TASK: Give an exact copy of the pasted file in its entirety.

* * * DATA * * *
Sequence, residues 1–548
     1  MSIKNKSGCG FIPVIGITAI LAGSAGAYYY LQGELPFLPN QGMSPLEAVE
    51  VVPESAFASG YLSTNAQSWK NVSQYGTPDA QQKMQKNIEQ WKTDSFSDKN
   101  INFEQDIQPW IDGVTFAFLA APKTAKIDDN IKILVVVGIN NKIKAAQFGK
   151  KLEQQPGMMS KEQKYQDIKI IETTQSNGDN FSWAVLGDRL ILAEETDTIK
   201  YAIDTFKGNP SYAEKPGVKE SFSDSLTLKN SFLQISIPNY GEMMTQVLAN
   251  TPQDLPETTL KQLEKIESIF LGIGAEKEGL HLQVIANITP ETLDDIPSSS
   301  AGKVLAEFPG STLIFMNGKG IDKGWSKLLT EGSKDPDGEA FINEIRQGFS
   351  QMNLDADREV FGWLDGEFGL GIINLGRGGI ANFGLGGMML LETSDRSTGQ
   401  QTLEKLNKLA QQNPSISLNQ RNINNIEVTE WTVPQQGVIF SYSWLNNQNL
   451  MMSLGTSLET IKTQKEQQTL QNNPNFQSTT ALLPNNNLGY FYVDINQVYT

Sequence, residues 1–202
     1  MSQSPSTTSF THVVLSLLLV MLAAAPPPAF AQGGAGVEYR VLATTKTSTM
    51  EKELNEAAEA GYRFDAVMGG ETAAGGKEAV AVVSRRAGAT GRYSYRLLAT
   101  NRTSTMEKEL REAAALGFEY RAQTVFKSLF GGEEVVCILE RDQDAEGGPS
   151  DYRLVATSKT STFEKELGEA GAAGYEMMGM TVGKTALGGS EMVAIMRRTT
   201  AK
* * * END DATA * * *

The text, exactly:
Sequence, residues 1–548
     1  MSIKNKSGCG FIPVIGITAI LAGSAGAYYY LQGELPFLPN QGMSPLEAVE
    51  VVPESAFASG YLSTNAQSWK NVSQYGTPDA QQKMQKNIEQ WKTDSFSDKN
   101  INFEQDIQPW IDGVTFAFLA APKTAKIDDN IKILVVVGIN NKIKAAQFGK
   151  KLEQQPGMMS KEQKYQDIKI IETTQSNGDN FSWAVLGDRL ILAEETDTIK
   201  YAIDTFKGNP SYAEKPGVKE SFSDSLTLKN SFLQISIPNY GEMMTQVLAN
   251  TPQDLPETTL KQLEKIESIF LGIGAEKEGL HLQVIANITP ETLDDIPSSS
   301  AGKVLAEFPG STLIFMNGKG IDKGWSKLLT EGSKDPDGEA FINEIRQGFS
   351  QMNLDADREV FGWLDGEFGL GIINLGRGGI ANFGLGGMML LETSDRSTGQ
   401  QTLEKLNKLA QQNPSISLNQ RNINNIEVTE WTVPQQGVIF SYSWLNNQNL
   451  MMSLGTSLET IKTQKEQQTL QNNPNFQSTT ALLPNNNLGY FYVDINQVYT

Sequence, residues 1–202
     1  MSQSPSTTSF THVVLSLLLV MLAAAPPPAF AQGGAGVEYR VLATTKTSTM
    51  EKELNEAAEA GYRFDAVMGG ETAAGGKEAV AVVSRRAGAT GRYSYRLLAT
   101  NRTSTMEKEL REAAALGFEY RAQTVFKSLF GGEEVVCILE RDQDAEGGPS
   151  DYRLVATSKT STFEKELGEA GAAGYEMMGM TVGKTALGGS EMVAIMRRTT
   201  AK